Score! You set up your tax account with your banking information, and your tax refund was deposited into your bank account weeks sooner than waiting for a check!
It was so convenient that you're wondering how to set up that process to accept payments electronically for your business. You might even wonder if it is a better alternative to taking credit cards and how they compare.
When it comes to payments, businesses have a few different options. Both ACH and credit card transactions have advantages and disadvantages, so it is worth weighing your options carefully before making a decision.
What is an automated clearing house (ACH) payment?
ACH payments are "push" and "pull" charges initiated by the individual or entity sending the money. This system uses the same process your company does to "pull" payroll from one account and "push" it to your employees' bank account. To sum it up, ACH is simply a system of bank-to-bank electronic payments which you can learn more about here.
Many companies use ACH B2B transfers for one-time and recurring bill payments but you can also accept ACH transfers from other businesses and individuals as an alternative to taking credit cards for purchases.
Operational differences between ACH and credit cards for your business
Both ACH and credit cards let your company accept payments, and there are benefits to doing both. The question is - which one is better, or should you use both?
The answer, right up front, is that both are right for different business models and transactions.
Aside from customer preferences, when it comes to business operations, the three critical determining factors you should consider are:
- Are you a B2B or a B2C business
- Payment guarantees
- Processing times
Who is your primary customer?
For one thing, businesses will choose ACH over credit cards for BTB transactions, where they might not be able to take advantage of rewards programs and cash-back options like many consumer cards.
Finally, you may have a credit card for business expenses to make retail purchases, but accepting credit cards B2B for more significant amounts is less common than a check or money transfer. Not only is it uncommon, but it is much more expensive, especially for higher transaction amounts.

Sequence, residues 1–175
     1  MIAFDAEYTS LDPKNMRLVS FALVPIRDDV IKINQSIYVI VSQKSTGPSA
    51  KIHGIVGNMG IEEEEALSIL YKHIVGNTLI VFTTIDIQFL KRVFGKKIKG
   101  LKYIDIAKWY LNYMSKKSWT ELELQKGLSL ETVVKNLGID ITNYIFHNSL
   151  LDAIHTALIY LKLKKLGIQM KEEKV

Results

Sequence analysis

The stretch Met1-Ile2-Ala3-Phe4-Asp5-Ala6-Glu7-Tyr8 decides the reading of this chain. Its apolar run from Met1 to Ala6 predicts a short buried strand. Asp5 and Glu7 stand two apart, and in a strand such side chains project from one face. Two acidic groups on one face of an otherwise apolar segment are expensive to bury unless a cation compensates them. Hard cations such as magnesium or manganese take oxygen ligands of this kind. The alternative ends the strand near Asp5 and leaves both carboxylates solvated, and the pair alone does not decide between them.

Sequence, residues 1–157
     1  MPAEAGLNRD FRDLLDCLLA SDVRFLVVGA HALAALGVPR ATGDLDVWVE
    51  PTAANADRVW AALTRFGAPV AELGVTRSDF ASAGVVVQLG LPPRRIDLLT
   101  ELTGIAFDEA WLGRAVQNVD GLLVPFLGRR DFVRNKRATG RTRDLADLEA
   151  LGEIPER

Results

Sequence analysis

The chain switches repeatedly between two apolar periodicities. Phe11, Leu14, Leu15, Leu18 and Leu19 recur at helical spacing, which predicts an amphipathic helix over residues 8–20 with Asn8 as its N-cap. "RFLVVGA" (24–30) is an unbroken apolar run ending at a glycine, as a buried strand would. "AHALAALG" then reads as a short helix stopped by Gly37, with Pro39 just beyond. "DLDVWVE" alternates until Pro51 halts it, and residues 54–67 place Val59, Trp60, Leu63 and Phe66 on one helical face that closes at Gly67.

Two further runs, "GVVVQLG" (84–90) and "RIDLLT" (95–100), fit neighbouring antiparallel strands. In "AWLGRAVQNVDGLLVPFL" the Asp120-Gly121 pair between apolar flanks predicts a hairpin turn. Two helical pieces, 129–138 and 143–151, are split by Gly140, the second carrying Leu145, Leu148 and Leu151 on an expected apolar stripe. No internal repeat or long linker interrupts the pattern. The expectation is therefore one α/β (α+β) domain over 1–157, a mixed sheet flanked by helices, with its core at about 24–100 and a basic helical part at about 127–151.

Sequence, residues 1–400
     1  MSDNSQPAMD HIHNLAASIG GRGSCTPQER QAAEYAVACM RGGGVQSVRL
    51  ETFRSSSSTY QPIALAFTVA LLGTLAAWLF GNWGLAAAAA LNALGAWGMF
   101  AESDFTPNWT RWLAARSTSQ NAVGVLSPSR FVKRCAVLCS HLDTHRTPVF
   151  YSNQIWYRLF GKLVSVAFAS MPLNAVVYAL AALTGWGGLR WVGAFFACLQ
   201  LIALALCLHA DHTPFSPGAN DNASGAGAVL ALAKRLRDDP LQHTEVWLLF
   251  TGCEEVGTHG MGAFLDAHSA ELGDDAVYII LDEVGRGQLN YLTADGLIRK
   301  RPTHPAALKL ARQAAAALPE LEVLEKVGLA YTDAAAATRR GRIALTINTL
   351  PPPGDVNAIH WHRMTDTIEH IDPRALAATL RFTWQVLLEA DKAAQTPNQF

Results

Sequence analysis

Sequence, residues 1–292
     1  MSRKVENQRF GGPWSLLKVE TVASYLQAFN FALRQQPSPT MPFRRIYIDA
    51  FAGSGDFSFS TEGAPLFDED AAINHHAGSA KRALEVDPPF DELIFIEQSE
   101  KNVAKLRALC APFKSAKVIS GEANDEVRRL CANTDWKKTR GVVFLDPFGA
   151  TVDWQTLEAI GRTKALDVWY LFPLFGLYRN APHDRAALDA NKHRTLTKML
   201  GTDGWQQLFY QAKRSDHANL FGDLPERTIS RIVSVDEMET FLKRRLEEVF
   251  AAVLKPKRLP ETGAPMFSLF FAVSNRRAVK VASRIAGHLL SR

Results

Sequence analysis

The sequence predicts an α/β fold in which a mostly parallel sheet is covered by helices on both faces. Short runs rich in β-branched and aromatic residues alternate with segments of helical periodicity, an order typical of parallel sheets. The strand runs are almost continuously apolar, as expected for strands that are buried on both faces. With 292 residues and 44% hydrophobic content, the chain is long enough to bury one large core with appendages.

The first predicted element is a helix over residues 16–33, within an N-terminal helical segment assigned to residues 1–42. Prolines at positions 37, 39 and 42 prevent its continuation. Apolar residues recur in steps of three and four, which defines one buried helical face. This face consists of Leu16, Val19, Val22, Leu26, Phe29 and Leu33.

Credit cards provide guaranteed funds. The network verifies that the cardholder has the credit and approves the transaction, so the funds are guaranteed. ACH does not ensure funds. An ACH transaction could be rejected for Non-Sufficient Funds (NSF) or because the sender closed their account, more like a check, without the paper.
Credit cards are fast and easy. Credit card payments are processed between 24 hours and three days, but usually, you receive the payment immediately. This makes them ideal for paying same-day bills online and over the phone. This speed of payment can significantly impact cash flow. ACH processing times could take more than 3 working days to be deposited into your bank account, but usually 2-5 after the first deposit is approved and made.
A unique benefit of accepting credit card payments is that it is simple. ACH payments take longer to be approved through the ACH network, which can take up to 3 business days, making them workable for recurring payments but can end up being a roadblock for tighter timelines and first-time customers.
Setting up ACH payments requires obtaining and entering bank details such as routing numbers and approval from the customer's bank and is less practical overall for in-person or one-time purchases.
Credit cards typically charge 2.5% or more on the transaction's value, plus additional processing fees. ACH fees vary depending on the processors. Some processors charge a flat rate, usually between $0.25 and $0.75 for each transaction. Others charge a flat percentage, usually between 0.5% to 1.0%, for each transaction. You could also be charged an additional monthly fee, so watch out for hidden fees. But ultimately, ACH transactions have the lowest costs of any payment system. The higher your sales volume, the faster your savings from ACH transactions add up.